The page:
Lifestyle & Culture Staff Writer | Emma McCallister | firstname.lastname@example.org
It’s funny the things you remember from childhood. For example, watching your grandmother so diligently cut up one of those beverage carriers; the plastic six-pack rings. Years later, I too feel the urge to carve up the piece of plastic the moment I lay eyes on it. “SAVE THE DOLPHINS!” my inner activist screams.
Although the dolphins now have many crusaders on their side and most plastic six-pack rings are biodegradable, still not all interaction between society and marine life has had a positive impact. The trash we continue to throw away actually has a serious impact on marine ecosystems and the life that inhabits them. In case nothing majorly detrimental is popping into your head, look no further: the Great Pacific Garbage Patch, also known as the Pacific Trash Vortex.
According to National Geographic, the Great Pacific Garbage Patch is not one garbage patch but is actually two distinct patches. One is the Western Garbage patch, near Japan, and the other is the Eastern Garbage Patch, between Hawaii and California. The North Pacific Subtropical Gyre is what brings this area of marine debris together. A gyre is a system of circular ocean currents caused by Earth’s wind patterns and rotation. The area at the center of the gyre is very stable, hence the collection and build up of marine debris.
The names “Great Pacific Garbage Patch” and “Pacific Trash Vortex” typically conjure up the idea of a giant floating dump in the middle of the ocean. Although you may be picturing actual garbage, the real issue is plastic and the breakdown of it that follows after its entrance into the ocean.
According to National Geographic, “In the ocean, the sun breaks down these plastics into tinier and tinier pieces, a process known as photodegradation. Scientists have collected up to 750,000 bits of microplastic in a single square kilometer of the Great Pacific Garbage Patch—that’s about 1.9 million bits per square mile.”
Most of these bits of plastic come from plastic bags, bottles, bottle caps and Styrofoam cups. Another contributor of plastic, according to National Oceanic and Atmospheric Administration (NOAA) Office of Response and Restoration, are the tiny pieces of plastic that now can be found in things like face scrubs or fleece jackets. Plastic continues to enter the ocean at an alarming rate because of its affordability and the diverse ways it can be used.
Greenpeace International states that the garbage patch “is an area equivalent in size to Texas, or Turkey or Afghanistan, that slowly rotates our rubbish in a never-ending rotation.” While an area filled with debris and plastics estimated to be the size of one of the United States’ largest states, or a small country is rather disconcerting, the truth is no one actually knows how large the patch is. According to Nat Geo this is because the area is simply too large for scientists to trawl (fish with large nets that reach the bottom). Additionally, trash and plastic does not just sit on the surface. Heavier materials can sink inches and feet into the water.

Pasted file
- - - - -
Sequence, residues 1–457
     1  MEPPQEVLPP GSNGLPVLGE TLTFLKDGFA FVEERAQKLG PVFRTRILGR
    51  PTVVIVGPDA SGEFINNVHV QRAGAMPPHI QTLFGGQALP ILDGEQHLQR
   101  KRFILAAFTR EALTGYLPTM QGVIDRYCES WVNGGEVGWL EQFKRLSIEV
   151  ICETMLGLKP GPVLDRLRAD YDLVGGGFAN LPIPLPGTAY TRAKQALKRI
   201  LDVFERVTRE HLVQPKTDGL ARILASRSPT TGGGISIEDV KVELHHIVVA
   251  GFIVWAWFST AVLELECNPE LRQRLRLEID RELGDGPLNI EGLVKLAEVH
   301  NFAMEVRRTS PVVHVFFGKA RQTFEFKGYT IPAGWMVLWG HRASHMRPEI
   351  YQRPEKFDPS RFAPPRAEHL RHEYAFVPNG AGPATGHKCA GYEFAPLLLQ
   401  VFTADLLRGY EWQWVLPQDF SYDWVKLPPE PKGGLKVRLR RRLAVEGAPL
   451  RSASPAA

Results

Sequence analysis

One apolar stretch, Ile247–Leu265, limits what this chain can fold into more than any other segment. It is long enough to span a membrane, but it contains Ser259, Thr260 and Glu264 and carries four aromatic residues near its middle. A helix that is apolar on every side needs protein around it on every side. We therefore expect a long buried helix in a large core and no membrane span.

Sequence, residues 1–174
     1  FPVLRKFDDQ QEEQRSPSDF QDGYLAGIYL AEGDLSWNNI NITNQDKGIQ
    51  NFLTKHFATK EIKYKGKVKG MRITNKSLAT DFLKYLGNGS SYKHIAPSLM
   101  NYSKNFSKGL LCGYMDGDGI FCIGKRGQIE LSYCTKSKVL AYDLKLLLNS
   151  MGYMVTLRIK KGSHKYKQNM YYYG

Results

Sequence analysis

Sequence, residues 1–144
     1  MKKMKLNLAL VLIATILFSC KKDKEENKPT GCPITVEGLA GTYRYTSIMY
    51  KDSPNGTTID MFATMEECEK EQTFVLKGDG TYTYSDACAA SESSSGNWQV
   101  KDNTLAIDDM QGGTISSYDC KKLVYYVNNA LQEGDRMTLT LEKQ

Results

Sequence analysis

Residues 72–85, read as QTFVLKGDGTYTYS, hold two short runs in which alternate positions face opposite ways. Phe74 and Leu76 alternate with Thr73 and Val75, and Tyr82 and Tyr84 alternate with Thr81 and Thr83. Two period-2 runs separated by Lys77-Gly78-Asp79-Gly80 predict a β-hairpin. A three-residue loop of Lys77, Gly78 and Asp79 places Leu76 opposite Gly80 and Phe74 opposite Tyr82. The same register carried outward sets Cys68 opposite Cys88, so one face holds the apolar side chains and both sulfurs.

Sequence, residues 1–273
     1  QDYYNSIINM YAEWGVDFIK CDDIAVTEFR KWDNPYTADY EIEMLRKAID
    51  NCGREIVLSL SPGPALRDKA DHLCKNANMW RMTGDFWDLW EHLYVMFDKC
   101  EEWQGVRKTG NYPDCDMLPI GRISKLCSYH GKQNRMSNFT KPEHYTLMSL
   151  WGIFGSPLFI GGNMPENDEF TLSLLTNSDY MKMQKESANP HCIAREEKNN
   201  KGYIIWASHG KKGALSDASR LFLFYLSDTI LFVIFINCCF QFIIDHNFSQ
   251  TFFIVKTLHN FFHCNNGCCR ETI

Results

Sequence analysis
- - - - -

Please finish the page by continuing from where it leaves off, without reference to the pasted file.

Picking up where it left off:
Also concerning is the fact that the garbage patch has only three main contributors. Land activities in North America and Asia are responsible for about 80 percent of the garbage found there. The other 20 percent comes from boaters, oil rigs and cargo ships, Nat Geo states.
The NOAA Office of Response and Restoration states that the impacts these microplastics have on marine life mostly remain a big unknown. However there is much evidence to support the idea that the impact is detrimental, which isn’t surprising.
A few examples are Loggerhead sea turtles that mistake plastic bags for jellyfish, or albatrosses that feed small pieces of plastic they think are fish eggs to their chicks that then die of starvation and ruptured organs. Additionally, sea mammals like seals and other larger marine life become entangled in lost or thrown out fishing nets, which leads to their death. The microplastics can even throw off the entire food web of an environment, beginning with algae and phytoplankton. Needless to say, the effects of this mass of marine debris and plastics are not pretty when it comes its impact on marine life and, by proxy, us.
Although it seems like it would be easy enough to go to the Pacific Trash Vortex and use giant nets to scoop up the harmful substances, it isn’t. One issue is how small the plastic is. Even if nets were employed, they would never be able to clean up the microplastics. As mentioned before, the area is also just too large to make a cleanup possible.
Many organizations are now contributing to stop the growth of the patch, which is also what scientists say is probably the best and only thing to do at this point. The best way to maintain and reduce the size is to invest in reusable and biodegradable products.
Sarah Byrd, a sophomore studying conservation and wildlife biology stated, “The problem is that we use materials that will last forever and will only use them for a day or even shorter … If convenience and money weren’t our main priorities, then maybe we wouldn’t have islands of trash accumulating in our oceans.”
While cutting up six-pack plastic rings might not be a necessity anymore when it comes to saving marine life, using biodegradable, reusable, non-toxic products is. The only guarantee for stopping the growth of the Pacific Garbage Patch is by limiting and eliminating the use of harmful materials (like plastic) that can wreak havoc on marine ecosystems.